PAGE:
Every two years, the Baptist-run Vose Seminary in Perth hosts an academic conference. The theme of the 15-16 August 2011 conference was ‘Beyond Four Walls’, with a focus on church and mission. The keynote speaker was prolific US New Testament scholar Scot McKnight, a self-identified Anabaptist.
In his opening talk, Scot claimed most Christians have reduced the gospel to either justice or justification. Christians on the left have mistakenly thought the good news can be reduced to social justice. Christians on the right have mistakenly thought the good news can be reduced to personal salvation in the form of justification. Scot called us to remember the gospel is found primarily not in Paul but in the first four books of the New Testament, all of them the one gospel, not four, but told by four different writers. The gospel cannot be reduced to Jesus’ death; it is the whole story of Jesus and it is Jesus’ announcement of the kingdom.
Scot began so many of his sentences with ‘As an Anabaptist’ that one of the first questions thrown at him from the audience was, ‘Why are you an Anabaptist?’. He responded, ‘Because I read my Bible.’ After the laughter subsided he explained that he thought the Anabaptist emphasis on discipleship and the centrality of Jesus was the right way to approach Christianity. He mentioned the strong influence Anabaptist theologian Ron Sider had had on him in his formative years. In a conversation I had with him, McKnight said that he saw himself as somewhere between Sider and John Howard Yoder. He finished off his answer to the question from the audience by saying, ‘And that’s why I go to a very Anabaptist church called Willow Creek.’ Willow Creek, a megachurch which invented ‘seeker-sensitive services’, is about as far from Anabaptist ecclesiology as I can imagine, although it has focused more on discipleship in recent years. The joke may have been lost on much of the audience, but he was acknowledging a dilemma which faces many Anabaptists in Australia and New Zealand – finding a church which fits our beliefs.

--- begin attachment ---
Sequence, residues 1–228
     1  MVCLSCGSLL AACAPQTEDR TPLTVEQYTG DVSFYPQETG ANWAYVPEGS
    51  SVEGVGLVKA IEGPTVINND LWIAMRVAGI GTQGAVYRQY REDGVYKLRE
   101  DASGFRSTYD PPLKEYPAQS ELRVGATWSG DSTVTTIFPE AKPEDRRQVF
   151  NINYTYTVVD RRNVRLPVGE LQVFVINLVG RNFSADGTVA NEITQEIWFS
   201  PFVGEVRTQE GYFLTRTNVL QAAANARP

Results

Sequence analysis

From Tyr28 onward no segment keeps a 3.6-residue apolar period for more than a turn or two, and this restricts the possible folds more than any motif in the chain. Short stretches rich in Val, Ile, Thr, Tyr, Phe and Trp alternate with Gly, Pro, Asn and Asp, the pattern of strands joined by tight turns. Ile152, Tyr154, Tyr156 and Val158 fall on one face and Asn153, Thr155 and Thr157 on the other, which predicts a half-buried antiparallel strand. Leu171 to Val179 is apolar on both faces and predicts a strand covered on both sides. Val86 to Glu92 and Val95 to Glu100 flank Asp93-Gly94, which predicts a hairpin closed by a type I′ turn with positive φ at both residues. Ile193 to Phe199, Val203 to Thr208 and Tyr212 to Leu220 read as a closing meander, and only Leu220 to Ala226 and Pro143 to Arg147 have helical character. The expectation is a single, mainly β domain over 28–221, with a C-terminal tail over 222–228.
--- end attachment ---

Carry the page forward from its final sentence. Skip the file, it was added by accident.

If Scot’s first talk offended many on the right, his final talk offended some on the left. He spoke of the increasing focus on ‘justice’ amongst his students and their belief that working with NGOs and politics to achieve social justice was ‘kingdom work’. Scot insisted that this was not kingdom work but social work. He called for unglamorous, quiet church-based justice: looking after the aged, the widowed, the poor within the church community, and constantly reaching beyond the boundaries to bring more people into the church. There were controversial words, but ones worth contemplating for those of us who tend to see social justice as kingdom work. Scot says his forthcoming book, The King Jesus Gospel, will explain his position better. It does need better explaining, and I think his words may have given comfort to people in the ‘do-nothing’ camp. But in part, he means what Yoder means in Body Politics, and that is that the church needs to embody justice to the world.